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Homework Help

Book Title

International Economics 4th Edition

Authors

Alan M. Taylor, Robert C. Feenstra

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17 Balance of Payments I: The Gains from Financial Globalization

Notes to Instructor

Chapter Summary

This chapter connects the balance of payments to long-run economic growth and

highlights the benefits of international finance for consumption smoothing, investment,

and risk sharing. The key lessons from this chapter are as follows:

■ An open economy is able to smooth consumption through borrowing or lending,

affecting its current account and external wealth position.

■ Even when countries are unable to borrow or lend internationally, they can share

risk through diversifying their portfolio of capital across countries.

Comments

This chapter makes heavy use of present value and intertemporal trade-offs. Students

may find this material unfamiliar. Instructors will find it useful to review the basic

concept of present value and to highlight the difference between thinking in a dynamic

model and thinking in a static one. Also, students may be intimidated by the math used in

this chapter because it is somewhat technical.

The section is broadly organized as follows:

1. The Limits on How Much a Country Can Borrow: The Long-Run Budget

Constraint

a. How the Long-Run Budget Constraint Is Determined

vi. Extending the Theory to the Long Run

b. A Long-Run Example: The Perpetual Loan

c. Implications of the LRBC for Gross National Expenditure and Gross

Domestic Product

d. Summary

e. Application: The Favorable Situation of the United States

iv. Too Good to Be True?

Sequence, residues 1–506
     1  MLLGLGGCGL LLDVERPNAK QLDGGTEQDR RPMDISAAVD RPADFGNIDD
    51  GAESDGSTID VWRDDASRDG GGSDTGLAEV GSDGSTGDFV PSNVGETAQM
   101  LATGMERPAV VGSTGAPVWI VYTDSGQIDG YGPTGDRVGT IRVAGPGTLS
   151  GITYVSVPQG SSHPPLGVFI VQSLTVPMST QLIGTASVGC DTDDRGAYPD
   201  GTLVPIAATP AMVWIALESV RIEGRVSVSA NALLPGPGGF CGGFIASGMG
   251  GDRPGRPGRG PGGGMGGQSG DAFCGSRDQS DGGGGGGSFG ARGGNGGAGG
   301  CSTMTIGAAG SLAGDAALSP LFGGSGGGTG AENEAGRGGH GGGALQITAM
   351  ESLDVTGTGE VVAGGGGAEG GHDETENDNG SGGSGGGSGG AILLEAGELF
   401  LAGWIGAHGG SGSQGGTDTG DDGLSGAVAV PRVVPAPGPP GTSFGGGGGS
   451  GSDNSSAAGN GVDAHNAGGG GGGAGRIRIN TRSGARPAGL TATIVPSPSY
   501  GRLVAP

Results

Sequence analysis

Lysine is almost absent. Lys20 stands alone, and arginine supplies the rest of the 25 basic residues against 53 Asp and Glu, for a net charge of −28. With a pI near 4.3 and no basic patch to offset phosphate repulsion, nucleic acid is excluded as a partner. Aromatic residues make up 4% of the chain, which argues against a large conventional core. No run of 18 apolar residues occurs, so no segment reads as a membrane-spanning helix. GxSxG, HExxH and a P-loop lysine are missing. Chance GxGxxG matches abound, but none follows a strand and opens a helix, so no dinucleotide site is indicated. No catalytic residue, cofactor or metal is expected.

2. Gains from Consumption Smoothing

a. The Basic Model

b. Consumption Smoothing: A Numerical Example and Generalization

i. Closed Versus Open Economy: No Shocks

c. Summary: Save for a Rainy Day

d. Side Bar: Wars and the Current Account

3. Gains from Efficient Investment

a. The Basic Model

b. Efficient Investment: A Numerical Example and Generalization

i. Generalizing

c. Summary: Make Hay While the Sun Shines

d. Application: Delinking Saving from Investment

Countries?

iv. An Augmented Model: Countries Have Different Productivity Levels

f. Application: A Versus k

i. More Bad News?

g. Side Bar: What Does the World Bank Do?

4. Gains from Diversification of Risk

a. Diversification: A Numerical Example and Generalization

i. Home Portfolios

b. Application: The Home Bias Puzzle

c. Summary: Don’t Put All Your Eggs in One Basket

6. Appendix: Common Versus Idiosyncratic Shocks

An alternative organization for class lecture is given in the following. This combines

1. The Limits on How Much a Country Can Borrow: The Long-Run Budget

Constraint

2. Gains from Consumption Smoothing

3. Gains from Efficient Investment

4. Linking the LRBC to Economic Growth and Investment

a. Can Poor Countries Gain from Financial Globalization?

5. Linking the Model to Risk Diversification

6. Appendix: Common Versus Idiosyncratic Shocks

Lecture Notes

Now that we have covered the accounting of international transactions, we are prepared

to analyze their meanings in two different contexts: the long run (this chapter) and the

short run (the following chapter).

When a country seeks to increase investment, this involves a difficult trade-off.

Although investment is key to economic growth and prosperity, investing in capital

resources today requires giving up consumption. In the same way that an individual takes

S = I + CA

This chapter shows how open economies can benefit from financial globalization

through borrowing or saving with other countries to (1) smooth consumption and (2)

1 The Limits on How Much a Country Can Borrow: The Long-Run Budget

Constraint

We know from the previous chapter that borrowing or lending internationally has

implications for external wealth. This chapter extends the analysis of external wealth to

study how this variable evolves over time, using the intertemporal approach.

Understanding how countries lend and borrow is easy once household lending and

loan amount is reduced with each payment, over the life of the loan, the fraction of each